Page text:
He'd come to the store with his mother, upset that at ten, he'd have to wear glasses for the rest of his life. I'd worked with children before, and eased his concerns with jokes, offers of candy, and kindness. His mother, an attractive brunette, thanked me for all of my help and we even met for lunch at McDonald's a few times. I always treated, and complimented little Timothy on how well he looked in tortoise shell. In the course of our talk, she and I discovered that we had both majored in Geology. With her degree, she was selling dresses at a boutique, and I was cutting glass instead of shale. Her husband was long gone, so when I suggested we all go see the Garden of the Gods in Colorado Springs, she readily agreed.

As we wandered through the strange red rocks, Timothy drifted farther from his mother and me. I volunteered to follow him through the rough patch; while she rested in an oval that nature had formed within the rock. He took my hand as we moved through the projections, and I explained how this mysterious place came to be. When we were behind a large mass of stone, he let me brush his clothing, and didn't pull away as my fingers wandered lower. When I offered him five dollars and a chocolate bar, he allowed me to slip my right hand inside his belt. As he sucked on sugar, I moved behind him. I had mastered a technique so subtle, no child I loved felt violated. At least I didn't think so. He kept eating the candy in the shadow of a grotesque configuration.

"Thank you," I whispered. "Could this be our little secret? You know, your mother probably doesn't want you to have too many sweets." He eyed me strangely, but nodded. My legs felt weak as we struggled through the rubble and back to where his Mom was sitting peacefully.


Whenever my mother lost her temper and scared me to tears, my father would suggest a walk through the woods. A gentle man, he seemed unable to subdue his wife's outbursts, yet always spoke of her in glowing terms. We'd identify flora and fauna on our wanderings, and he'd quiz me on the type of rocks we'd see. Until I was ten, he never laid a hand on me. I was confused this one time when he asked me to lie down next to him on a thatch of pine needles. Thinking we would be searching for insects of some sort, I agreed. He asked me to undo my belt. I obeyed, but a queer feeling churned in my gut. "Dad, don't," but it was too late. He gasped and then the awful groan.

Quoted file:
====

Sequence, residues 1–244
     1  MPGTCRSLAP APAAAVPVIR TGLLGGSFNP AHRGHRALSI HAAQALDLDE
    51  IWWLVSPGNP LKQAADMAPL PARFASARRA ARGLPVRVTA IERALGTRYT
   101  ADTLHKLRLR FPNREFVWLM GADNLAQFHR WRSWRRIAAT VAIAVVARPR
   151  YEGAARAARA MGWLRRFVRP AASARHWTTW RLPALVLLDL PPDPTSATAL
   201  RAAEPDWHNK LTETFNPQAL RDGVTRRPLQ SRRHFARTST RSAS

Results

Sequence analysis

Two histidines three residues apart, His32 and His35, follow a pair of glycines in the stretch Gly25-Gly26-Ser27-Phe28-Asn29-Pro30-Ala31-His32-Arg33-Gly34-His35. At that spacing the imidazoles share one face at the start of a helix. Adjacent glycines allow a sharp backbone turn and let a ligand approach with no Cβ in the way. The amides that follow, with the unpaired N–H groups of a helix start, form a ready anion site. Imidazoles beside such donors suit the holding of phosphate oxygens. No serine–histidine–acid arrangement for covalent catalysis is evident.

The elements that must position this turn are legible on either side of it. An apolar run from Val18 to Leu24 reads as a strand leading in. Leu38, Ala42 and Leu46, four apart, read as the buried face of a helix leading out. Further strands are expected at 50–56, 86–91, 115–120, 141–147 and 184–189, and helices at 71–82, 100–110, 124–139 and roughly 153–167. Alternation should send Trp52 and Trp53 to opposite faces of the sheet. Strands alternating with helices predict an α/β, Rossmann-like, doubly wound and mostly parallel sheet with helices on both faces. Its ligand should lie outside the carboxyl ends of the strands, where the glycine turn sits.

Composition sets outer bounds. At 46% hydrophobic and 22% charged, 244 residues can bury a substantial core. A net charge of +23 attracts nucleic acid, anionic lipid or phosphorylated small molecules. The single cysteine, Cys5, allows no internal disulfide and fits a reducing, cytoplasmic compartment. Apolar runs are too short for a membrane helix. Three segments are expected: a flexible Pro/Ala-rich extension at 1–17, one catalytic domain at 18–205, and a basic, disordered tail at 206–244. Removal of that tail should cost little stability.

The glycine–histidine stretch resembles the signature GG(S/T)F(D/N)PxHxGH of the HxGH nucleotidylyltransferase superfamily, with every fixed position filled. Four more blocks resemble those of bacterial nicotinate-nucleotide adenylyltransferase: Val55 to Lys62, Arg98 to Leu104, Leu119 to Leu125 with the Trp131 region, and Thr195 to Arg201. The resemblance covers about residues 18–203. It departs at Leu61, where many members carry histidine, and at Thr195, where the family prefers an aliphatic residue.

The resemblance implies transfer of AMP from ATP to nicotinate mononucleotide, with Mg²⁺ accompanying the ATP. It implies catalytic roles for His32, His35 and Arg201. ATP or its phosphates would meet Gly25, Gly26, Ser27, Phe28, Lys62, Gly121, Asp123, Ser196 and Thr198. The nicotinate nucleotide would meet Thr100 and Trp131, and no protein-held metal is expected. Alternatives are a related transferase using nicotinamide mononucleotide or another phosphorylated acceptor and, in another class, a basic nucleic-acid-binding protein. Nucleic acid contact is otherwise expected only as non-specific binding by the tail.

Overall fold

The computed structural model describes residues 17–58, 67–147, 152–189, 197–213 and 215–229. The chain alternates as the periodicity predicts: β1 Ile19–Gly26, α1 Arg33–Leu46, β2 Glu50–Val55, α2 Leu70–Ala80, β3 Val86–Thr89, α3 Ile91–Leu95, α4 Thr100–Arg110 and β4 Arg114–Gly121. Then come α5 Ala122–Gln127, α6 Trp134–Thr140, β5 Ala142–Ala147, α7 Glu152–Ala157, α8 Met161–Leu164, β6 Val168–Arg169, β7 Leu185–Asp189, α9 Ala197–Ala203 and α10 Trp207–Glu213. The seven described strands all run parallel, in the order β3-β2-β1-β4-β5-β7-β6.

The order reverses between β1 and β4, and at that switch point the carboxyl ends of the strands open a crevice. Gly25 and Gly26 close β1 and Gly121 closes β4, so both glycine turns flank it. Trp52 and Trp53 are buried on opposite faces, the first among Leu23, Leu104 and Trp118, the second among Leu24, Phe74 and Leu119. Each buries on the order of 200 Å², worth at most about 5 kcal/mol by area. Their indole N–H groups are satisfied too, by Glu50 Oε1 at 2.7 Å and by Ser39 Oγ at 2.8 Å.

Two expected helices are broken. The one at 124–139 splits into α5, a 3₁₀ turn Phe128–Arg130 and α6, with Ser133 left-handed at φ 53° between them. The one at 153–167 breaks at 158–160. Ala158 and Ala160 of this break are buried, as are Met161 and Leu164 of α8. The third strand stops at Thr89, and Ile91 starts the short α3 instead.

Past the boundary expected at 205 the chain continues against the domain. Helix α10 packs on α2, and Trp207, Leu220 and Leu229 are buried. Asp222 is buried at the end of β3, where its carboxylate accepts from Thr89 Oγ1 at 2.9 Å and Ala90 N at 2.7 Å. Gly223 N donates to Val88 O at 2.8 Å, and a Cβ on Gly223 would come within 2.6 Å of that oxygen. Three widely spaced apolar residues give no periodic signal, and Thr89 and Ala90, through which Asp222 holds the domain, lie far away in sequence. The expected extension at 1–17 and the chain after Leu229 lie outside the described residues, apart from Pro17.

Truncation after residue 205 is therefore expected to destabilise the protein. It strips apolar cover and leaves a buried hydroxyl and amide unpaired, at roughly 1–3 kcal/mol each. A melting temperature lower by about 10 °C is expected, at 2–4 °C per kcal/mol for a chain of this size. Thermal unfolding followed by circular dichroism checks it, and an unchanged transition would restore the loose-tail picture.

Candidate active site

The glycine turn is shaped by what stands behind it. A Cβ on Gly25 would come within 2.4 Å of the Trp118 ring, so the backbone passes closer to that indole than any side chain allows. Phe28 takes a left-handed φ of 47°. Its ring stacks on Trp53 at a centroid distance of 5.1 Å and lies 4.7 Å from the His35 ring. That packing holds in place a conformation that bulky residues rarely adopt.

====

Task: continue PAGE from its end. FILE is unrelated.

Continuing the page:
Afterward, he bought me an ice cream cone at Hill's, and swore me to secrecy. He needn't have worried. Who would I tell? I licked the melting cream, looked him in the eye, and said, "I don't want to go to the woods any more."


I drive to my property in the Rockies. It's the only asset my ex-wife allowed me to keep. In return, she agreed to say nothing about what she had learned. The pines remind me of home, and I know I can't hurt trees. By now, the sheriff will probably be knocking on the garage door, handcuffs ready. I throw an old beach towel on the ground beneath a canopy of evergreens. I smoke a cigarette with my left hand as I draw with my right. I'm good at capturing replicas of branches that stretch over my head. I lie down and toss the lit butt aside. After I close the sketch book, I pick up the coping saw. I realize for the first time that I can carve an oval better than a circle. Why hadn't I thought of it before? Too late. I remember Timothy's Mom sitting in the oval of the red rock. She looked like a vision, the image you might conjure of your mother when you're a kid and then carry forever in your head. I'll miss her.

I decide it has to be the right hand, the offending monster that longs to touch what I don't want it to feel. With the first cut, my wrist stings, but I don't moan. I hate that sound. I stop for a second and stuff some pine needles in my mouth. I wonder if they'll find the hand first, and will they know why it was important to do?